Jamie swore again as he trained his binoculars towards the bear once more. Urus maritimus, or ‘sea bears’ were fully capable of swimming fifty to sixty miles, hence their name. But this one already looked tired and a swim of seventy miles was certainly outside a polar bears capability. Add to the problem of retreating ice the fact that more and more polar bears were losing their layer of insulating fat as a result of being to unable to hunt the seals they needed for their survival, the bears were now on the endangered species list and there had been more and more sightings like this one. The problem being that even if the bear made ice-fall, they were often too exhausted after such a long swim to hunt and died as a result of a combination of hunger and fatigue.

“Look at him go,” breathed Marc in awe. “He must be looking for the Northwest passage.”

“That’s just his problem,” said Jamie. “The rate global warming is advancing the Northwest passage is going to be a reality year-round.” Which wouldn’t help the polar bears.

“Ah, skip. Couple of the crew have spotted a polar bear swimming a couple of miles off starboard,” echoed the voice of David Lesnic, their resident marine biologist over the intercom.

Jamie picked up the mic. “Yeah we see him, Dave. Kev says we’re about sixty miles off the ice.”

“He looks pretty tired,” came the reply. “What do you want to do?”

What indeed? Freeseas might intervene in cases such as whaling with disruption tactics. They might even resort to out-and-out criminal activity in cases such as animal cruelty, but when it came to an animal in distress in the wild – nobody had yet written the manual that set down any guidelines even for an organization which supposedly didn’t have a rule book.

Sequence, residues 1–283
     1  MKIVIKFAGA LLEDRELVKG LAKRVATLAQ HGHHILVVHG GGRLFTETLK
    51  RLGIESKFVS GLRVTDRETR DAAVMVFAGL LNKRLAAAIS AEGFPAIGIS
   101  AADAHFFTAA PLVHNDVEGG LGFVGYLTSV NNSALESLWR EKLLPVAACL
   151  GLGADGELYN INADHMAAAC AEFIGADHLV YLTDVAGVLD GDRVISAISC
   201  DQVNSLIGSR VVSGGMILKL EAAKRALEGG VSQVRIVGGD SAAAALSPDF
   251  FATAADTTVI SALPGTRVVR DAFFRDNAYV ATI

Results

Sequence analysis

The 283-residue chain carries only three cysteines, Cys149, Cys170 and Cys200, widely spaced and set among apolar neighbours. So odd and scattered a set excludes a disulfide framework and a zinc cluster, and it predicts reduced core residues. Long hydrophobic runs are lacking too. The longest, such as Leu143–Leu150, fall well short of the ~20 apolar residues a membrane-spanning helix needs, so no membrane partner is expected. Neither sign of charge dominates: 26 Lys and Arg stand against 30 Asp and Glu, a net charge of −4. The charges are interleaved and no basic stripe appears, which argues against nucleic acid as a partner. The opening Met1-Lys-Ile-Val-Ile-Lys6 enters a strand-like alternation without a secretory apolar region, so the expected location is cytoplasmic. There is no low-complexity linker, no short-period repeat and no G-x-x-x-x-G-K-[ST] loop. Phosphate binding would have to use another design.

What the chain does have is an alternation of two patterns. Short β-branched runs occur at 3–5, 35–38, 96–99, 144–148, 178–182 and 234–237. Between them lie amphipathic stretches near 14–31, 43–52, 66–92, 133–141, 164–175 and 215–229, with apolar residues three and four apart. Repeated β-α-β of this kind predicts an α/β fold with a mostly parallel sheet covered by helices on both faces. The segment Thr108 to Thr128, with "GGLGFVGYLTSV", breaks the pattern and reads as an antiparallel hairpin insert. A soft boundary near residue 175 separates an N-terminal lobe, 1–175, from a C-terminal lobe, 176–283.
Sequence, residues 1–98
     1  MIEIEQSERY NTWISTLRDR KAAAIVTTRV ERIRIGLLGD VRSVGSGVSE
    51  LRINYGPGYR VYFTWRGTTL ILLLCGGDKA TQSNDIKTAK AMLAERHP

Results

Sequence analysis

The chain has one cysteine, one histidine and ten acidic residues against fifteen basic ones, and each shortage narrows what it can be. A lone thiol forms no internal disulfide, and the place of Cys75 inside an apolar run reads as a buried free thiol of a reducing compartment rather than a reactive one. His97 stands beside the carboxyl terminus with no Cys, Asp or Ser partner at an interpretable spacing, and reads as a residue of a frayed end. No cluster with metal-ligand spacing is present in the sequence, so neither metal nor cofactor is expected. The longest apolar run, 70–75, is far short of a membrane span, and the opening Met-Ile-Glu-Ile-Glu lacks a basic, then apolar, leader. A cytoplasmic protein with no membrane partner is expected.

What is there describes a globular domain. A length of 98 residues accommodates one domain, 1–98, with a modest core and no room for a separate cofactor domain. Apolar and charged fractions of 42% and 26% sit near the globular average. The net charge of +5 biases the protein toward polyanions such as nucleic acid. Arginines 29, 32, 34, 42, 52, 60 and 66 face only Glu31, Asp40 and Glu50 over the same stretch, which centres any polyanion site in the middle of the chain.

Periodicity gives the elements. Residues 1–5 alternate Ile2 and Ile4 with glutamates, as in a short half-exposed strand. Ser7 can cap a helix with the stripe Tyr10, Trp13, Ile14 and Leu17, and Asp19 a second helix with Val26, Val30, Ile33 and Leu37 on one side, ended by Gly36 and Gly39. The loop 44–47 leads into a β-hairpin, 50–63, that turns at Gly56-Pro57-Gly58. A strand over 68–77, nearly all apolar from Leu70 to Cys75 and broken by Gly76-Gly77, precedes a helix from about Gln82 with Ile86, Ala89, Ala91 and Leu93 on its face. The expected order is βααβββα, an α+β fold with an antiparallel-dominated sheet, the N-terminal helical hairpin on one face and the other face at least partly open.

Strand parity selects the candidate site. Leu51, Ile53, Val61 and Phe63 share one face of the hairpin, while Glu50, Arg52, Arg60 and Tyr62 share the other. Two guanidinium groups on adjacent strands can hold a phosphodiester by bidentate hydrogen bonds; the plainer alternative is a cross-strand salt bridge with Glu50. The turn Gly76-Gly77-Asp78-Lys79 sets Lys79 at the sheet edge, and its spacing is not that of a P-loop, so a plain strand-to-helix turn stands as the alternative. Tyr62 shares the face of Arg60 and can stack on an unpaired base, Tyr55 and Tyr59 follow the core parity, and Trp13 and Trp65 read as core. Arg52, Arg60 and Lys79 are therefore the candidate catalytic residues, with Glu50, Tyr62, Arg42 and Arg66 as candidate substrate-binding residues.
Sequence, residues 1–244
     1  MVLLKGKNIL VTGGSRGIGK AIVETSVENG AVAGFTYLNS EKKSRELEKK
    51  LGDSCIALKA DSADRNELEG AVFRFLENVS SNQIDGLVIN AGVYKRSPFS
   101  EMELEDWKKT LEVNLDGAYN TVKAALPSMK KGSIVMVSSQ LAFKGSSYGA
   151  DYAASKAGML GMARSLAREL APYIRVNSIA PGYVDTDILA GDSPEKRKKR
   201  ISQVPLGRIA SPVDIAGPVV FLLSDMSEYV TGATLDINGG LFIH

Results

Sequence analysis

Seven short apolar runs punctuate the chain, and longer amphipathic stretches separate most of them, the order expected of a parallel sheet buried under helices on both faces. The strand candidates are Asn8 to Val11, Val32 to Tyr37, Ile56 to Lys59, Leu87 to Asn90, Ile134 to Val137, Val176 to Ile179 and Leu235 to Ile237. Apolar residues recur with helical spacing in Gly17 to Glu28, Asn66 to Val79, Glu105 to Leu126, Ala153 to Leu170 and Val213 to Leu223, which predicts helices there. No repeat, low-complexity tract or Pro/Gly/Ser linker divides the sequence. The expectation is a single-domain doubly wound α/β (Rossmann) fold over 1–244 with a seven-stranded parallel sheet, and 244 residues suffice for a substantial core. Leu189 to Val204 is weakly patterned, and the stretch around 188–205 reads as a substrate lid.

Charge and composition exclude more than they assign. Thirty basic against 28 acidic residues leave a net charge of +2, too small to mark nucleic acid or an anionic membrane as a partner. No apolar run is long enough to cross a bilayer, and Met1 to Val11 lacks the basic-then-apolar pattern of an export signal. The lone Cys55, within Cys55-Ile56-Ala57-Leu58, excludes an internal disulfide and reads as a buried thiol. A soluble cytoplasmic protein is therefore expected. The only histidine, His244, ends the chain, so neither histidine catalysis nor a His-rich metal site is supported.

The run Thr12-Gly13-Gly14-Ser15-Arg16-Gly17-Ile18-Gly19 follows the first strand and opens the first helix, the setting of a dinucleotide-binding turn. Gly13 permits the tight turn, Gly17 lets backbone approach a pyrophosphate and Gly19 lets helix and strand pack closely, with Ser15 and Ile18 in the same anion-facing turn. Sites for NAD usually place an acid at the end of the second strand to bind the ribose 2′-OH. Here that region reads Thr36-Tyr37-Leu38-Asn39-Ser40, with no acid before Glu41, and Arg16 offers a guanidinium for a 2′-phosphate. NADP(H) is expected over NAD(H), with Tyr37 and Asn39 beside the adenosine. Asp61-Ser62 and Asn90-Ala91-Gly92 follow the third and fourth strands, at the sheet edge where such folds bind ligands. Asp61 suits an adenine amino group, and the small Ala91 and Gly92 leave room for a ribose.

“They’re an endangered species,” Marc reminded him, unnecessarily Jamie thought.

“Thank-you for reminding me of that fact,” he snapped then mentally berated himself. “Look, guys. This is something we’re going to have to learn to see more and more of. All we can do is document it and ~”

“Document it? Listen, we’re just going to become bystanders then we all might as well quit now. The reason we’re all here and not with Greenpeace is the fact that this organization had a manifesto that said we are no longer going to be bystanders and sit back and passively watch the destruction of this planet. At least that’s what I signed up for.”

Marc and he had crossed swords on this particular issue before, Jamie recalled. They called it the Freeseas Prime Directive. They were free to harass and harangue whalers and factory ships but when it came to the oceans inhabitants – Freeseas had a strictly ‘hands-off’ policy. But what, Jamie thought, happened when those residents problems turned out to be strictly man-made? So far nobody back in Seattle had amended the rule book to include that one. He turned to Kevin. “Hold number two still empty?”

“Couple of nets, that’s all.”

“Bring them. Plus we’re going to need floatation devices and a lot of rope. How much Special K do we have on board?”

Marc grinned, seeing where this was going. Ketamine or ‘Special K’ as it was known on the street, wasn’t part of the official ship’s medical manifest but rather a safety precaution when dealing with large land-based predators like bears. “Enough to keep everybody comatose at a Babyshamblers rave.”

“Well, then,” said Jamie handing him the wheel. “Let’s go save the bears.”

Once Zed had an idea in his head it was impossible to distract him. Zed wanted to see where Ben worked and it seemed that nothing, not even Ben’s marked reluctance in the wake of his encounter with the homophobic trainer, could deter him.

It was, after all, a reasonable enough request, Ben supposed, but the encounter with Flip, whose company he had come to enjoy during their diving sessions together, had left him with a bad taste in his mouth. Prejudice was unpalatable in any guise and Ben wasn’t at all sure whether he wanted to take the chance on exposing Zed to it. He hesitated before replying, a little too long, and as if divining his reluctance Zed looked at him sharply. “What is it? What’s wrong?” he asked.